With death, our life-choice becomes definitive—our life stands before the judge. Our choice, which in the course of an entire life takes on a certain shape, can have a variety of forms. [While this does not actually imply that an individual choice doesn't, or doesn't frequently alter one's "life-choice", it does suggest it to some extent.] There can be people who have totally destroyed their desire for truth and readiness to love, people for whom everything has become a lie, people who have lived for hatred and have suppressed all love within themselves. [This sounds very much like the position of the theologians mentioned in Persona Humana.] This is a terrifying thought, but alarming profiles of this type can be seen in certain figures of our own history. In such people all would be beyond remedy and the destruction of good would be irrevocable: this is what we mean by the word Hell (cf. Catechism of the Catholic Church, 1033-1037). On the other hand there can be people who are utterly pure, completely permeated by God, and thus fully open to their neighbors—people for whom communion with God even now gives direction to their entire being and whose journey towards God only brings to fulfillment what they already are (cf. Catechism of the Catholic Church, 1023-1029).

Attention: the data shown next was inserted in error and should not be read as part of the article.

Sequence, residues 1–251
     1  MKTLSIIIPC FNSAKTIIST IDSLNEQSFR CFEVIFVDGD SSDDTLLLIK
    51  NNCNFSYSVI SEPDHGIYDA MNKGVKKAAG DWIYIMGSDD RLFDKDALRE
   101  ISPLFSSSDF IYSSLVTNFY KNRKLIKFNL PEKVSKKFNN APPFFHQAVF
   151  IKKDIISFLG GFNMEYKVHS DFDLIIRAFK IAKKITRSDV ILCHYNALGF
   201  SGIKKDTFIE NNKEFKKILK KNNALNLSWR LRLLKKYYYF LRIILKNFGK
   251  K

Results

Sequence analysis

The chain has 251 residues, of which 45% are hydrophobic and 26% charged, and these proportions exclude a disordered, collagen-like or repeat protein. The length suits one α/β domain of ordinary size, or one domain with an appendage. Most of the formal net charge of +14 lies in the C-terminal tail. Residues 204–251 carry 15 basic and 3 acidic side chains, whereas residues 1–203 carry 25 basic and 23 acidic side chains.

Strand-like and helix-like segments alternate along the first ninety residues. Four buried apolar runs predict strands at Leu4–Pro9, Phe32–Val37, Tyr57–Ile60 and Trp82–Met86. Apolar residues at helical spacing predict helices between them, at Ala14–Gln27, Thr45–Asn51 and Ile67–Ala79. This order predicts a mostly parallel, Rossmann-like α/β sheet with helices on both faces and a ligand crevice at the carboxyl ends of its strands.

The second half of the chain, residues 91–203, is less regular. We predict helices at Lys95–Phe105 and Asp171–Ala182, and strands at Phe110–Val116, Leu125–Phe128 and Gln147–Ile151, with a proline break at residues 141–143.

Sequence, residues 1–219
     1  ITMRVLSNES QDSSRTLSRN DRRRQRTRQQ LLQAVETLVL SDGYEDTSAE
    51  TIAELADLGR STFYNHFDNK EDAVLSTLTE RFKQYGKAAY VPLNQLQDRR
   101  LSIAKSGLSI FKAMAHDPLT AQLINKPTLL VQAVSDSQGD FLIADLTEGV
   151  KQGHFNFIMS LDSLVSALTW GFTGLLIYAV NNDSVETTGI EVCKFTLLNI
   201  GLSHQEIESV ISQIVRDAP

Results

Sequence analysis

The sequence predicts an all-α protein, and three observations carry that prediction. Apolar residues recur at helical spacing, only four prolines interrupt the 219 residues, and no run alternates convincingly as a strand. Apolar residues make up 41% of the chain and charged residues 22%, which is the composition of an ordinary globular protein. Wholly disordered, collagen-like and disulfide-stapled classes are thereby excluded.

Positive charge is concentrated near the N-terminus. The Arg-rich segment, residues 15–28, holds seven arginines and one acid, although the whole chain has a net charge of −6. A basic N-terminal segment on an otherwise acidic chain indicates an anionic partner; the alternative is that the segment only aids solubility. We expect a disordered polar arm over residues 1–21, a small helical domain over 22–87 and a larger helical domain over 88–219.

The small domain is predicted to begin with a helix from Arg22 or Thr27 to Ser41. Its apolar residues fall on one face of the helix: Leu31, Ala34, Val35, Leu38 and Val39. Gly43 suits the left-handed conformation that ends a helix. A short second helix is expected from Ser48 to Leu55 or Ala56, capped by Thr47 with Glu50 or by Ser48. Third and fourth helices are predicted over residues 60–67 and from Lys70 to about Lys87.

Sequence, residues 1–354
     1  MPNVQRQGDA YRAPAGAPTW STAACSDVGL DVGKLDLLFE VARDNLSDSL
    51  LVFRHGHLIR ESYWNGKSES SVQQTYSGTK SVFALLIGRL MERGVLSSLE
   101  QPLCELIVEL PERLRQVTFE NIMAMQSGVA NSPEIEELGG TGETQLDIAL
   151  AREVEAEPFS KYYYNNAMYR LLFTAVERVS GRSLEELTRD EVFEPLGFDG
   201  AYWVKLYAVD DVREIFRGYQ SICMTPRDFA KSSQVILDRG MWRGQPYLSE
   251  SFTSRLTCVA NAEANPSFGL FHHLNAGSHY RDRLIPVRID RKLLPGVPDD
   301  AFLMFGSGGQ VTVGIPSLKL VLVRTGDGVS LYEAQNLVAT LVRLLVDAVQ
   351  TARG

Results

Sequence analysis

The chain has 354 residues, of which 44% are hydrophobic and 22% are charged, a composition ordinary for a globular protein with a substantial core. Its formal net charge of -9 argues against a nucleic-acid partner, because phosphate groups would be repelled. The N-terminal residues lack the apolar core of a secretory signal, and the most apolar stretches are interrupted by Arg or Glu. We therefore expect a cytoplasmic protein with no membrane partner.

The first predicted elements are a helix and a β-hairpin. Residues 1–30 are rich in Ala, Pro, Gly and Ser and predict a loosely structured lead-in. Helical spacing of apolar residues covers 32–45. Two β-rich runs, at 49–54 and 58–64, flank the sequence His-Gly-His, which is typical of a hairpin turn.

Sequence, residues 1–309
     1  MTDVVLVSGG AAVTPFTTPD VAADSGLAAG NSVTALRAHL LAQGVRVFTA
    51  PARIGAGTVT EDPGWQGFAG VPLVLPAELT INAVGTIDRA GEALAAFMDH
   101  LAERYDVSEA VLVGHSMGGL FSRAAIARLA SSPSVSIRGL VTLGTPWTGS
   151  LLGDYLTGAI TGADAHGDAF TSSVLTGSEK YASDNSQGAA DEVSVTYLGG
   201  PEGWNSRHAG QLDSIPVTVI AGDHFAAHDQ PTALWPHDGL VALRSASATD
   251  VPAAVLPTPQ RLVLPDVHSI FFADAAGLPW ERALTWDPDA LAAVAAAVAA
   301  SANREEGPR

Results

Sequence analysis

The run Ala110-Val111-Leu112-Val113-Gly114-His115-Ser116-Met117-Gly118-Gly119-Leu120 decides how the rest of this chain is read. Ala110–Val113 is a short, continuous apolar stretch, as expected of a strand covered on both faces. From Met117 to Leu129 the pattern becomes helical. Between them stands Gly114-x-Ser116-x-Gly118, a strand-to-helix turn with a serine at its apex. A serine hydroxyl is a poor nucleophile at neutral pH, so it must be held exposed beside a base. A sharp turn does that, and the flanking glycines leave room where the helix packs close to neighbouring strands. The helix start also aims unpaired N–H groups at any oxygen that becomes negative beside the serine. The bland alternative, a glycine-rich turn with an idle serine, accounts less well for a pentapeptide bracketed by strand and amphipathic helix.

46. Yet we know from experience that neither case is normal in human life. For the great majority of people—we may suppose—there remains in the depths of their being an ultimate interior openness to truth, to love, to God. In the concrete choices of life, however, it is covered over by ever new compromises with evil—much filth covers purity, but the thirst for purity remains and it still constantly re-emerges from all that is base and remains present in the soul. What happens to such individuals when they appear before the Judge? Will all the impurity they have amassed through life suddenly cease to matter?